However, Archbishop Hutchison said he would like parishes to think creatively about combining ministry.
Toward that end, Archbishop Hutchison announced last fall that Canon William Blizzard, rector of St. Matthias and priest-in-charge at St. George, would chair a committee of representatives from the downtown churches. However, said Canon Blizzard in an interview, while the committee has met monthly, few seem willing to entertain drastic change. “I think we need a facilitator. We need to hold people’s feet to the fire,” he said. Members seem to feel that “if I temporize long enough, he will go away,” he said.
While some congregations have merged for special services, such as Remembrance Day and Good Friday, many parishioners are resisting closing or selling churches that have witnessed generations of social and family history.
Rev. Lawrence Mascarenhas, a retired priest who is temporarily handling services at the Church of the Advent, which does not now have a full-time rector, acknowledged the situation. “They all want to stay (in their buildings) and continue to function. Each congregation has come up with its own plan as to why they can continue, or they say, ‘You close and come join us,'” he said in an interview. The Advent, which can seat 500, has 60 families on its parish list and draws 25 to 30 people on an average Sunday, he said.
Gordon Turner, rector’s warden at St. James, said parishioners are upset by the prospect of radical change. “Nobody likes uncertainty. They feel, ‘This is my church. Who has the right to sell my church?'” he said.
The churches also have different worship styles – high church, low church, jazz, organ, evangelical, eucharist every Sunday, eucharist every other Sunday – that could make mergers difficult, clergy said.
One innovative project Archbishop Hutchison cited concerned the old Church of the Ascension in the northern Montreal district called Mile End. Sold to the city several years ago, it was converted to a library, its stained glass renovated and history displayed and the $1 million proceeds were used to establish the Mile End Mission, a storefront centre that serves the low-income neighbourhood.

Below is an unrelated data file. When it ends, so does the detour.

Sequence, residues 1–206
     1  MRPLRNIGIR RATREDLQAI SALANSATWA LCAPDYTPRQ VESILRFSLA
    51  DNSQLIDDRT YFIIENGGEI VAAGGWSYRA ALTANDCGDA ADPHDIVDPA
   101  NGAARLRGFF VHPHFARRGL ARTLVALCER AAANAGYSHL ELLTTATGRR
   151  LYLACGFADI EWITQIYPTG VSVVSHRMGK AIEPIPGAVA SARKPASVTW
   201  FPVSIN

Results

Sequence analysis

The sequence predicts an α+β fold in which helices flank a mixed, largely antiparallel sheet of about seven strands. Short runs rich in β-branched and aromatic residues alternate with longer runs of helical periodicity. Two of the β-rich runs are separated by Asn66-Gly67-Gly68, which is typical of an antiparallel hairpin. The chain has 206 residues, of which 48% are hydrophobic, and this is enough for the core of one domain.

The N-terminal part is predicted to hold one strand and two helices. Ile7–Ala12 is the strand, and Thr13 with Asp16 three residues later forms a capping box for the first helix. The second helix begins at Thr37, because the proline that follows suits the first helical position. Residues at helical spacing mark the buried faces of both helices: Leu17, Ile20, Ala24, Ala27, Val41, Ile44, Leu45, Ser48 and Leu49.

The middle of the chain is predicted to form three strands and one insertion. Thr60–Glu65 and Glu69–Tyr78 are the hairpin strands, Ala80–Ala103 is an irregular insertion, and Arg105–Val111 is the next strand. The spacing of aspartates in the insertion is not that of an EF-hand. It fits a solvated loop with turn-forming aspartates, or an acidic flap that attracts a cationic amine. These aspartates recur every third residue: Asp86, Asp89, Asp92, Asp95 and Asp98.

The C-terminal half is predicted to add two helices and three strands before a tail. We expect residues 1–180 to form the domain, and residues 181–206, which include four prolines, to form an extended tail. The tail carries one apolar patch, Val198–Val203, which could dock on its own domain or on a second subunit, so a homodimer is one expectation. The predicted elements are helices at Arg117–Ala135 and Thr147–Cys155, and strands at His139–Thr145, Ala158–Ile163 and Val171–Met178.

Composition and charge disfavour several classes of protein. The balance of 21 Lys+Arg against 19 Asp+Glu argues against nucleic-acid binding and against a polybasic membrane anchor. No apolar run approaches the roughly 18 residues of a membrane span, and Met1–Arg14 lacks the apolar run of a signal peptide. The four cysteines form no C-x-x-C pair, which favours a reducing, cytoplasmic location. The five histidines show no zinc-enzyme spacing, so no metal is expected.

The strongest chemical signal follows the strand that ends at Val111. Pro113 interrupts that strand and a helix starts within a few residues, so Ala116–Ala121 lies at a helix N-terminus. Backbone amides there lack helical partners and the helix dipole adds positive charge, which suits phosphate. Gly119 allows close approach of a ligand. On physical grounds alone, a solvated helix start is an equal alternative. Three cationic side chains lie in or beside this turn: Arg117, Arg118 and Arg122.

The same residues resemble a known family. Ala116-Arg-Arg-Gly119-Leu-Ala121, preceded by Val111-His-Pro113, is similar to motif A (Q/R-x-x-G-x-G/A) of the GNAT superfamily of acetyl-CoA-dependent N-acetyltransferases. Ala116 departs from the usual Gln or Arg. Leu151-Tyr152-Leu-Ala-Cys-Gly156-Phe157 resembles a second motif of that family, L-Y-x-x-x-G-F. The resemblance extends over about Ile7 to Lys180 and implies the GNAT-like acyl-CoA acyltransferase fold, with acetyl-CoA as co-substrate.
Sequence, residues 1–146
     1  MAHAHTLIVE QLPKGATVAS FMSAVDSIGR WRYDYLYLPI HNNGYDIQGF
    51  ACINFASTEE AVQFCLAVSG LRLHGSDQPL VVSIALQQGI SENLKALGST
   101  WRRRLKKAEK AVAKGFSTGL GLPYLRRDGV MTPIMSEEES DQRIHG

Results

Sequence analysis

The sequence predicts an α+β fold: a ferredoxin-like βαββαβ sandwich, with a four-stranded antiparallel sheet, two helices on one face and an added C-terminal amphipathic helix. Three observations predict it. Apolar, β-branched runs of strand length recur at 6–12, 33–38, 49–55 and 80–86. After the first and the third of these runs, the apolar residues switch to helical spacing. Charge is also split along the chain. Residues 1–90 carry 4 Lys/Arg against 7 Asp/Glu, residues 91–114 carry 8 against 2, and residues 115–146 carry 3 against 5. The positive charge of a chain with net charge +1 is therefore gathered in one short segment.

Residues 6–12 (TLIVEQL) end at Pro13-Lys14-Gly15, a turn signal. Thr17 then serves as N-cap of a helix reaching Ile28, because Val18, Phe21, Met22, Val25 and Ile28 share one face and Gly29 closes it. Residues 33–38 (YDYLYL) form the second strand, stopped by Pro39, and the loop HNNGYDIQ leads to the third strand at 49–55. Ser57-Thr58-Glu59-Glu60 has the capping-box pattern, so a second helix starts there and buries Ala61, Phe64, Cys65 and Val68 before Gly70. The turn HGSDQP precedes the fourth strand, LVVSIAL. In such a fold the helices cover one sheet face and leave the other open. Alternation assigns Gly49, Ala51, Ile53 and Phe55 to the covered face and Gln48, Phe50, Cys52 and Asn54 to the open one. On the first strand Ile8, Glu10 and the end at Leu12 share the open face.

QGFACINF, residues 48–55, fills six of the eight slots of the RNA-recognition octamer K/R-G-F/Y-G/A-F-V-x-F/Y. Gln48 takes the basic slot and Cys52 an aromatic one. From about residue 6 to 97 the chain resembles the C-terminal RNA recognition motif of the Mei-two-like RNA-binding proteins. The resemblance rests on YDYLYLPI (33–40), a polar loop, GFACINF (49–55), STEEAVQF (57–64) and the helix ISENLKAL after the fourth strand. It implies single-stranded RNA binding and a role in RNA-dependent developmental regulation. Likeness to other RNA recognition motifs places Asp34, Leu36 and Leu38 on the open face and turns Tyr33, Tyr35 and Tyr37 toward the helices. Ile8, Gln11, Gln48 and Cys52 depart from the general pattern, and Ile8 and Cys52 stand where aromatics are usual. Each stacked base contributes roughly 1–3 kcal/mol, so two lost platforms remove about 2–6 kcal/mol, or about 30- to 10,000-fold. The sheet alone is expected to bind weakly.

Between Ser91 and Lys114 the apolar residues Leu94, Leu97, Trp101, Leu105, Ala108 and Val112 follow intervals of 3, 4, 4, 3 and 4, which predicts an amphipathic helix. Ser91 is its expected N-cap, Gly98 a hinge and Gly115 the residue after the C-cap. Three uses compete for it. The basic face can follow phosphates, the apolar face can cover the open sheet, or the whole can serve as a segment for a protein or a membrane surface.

The cathedral has been the beneficiary of the development of Cathedral Place, which features a tasteful 34-story office tower that generates income for the church and provides office space for the diocese.
Archbishop Hutchison said he is sensitive to the strong feelings people have for their neighbourhood church but questions whether they should be “devoted to buildings at all costs.” A decade ago, he said, there were eight or nine fully-funded curacies in the diocese. Now there are none. “I can’t place a young person in a parish because none can afford it. Are we prepared to sacrifice our clergy? I can’t afford a full-time youth co-ordinator or a communications officer. All this investment in buildings is crippling our ministry,” he said.
Ironically, the question of Montreal’s downtown churches has been around for some 30 years. A 1970 newspaper article said St. John the Evangelist and St. James “will topple before the wrecker’s hammer” as the Anglican church restructured its “inner-city mission.”
They are, of course, still standing.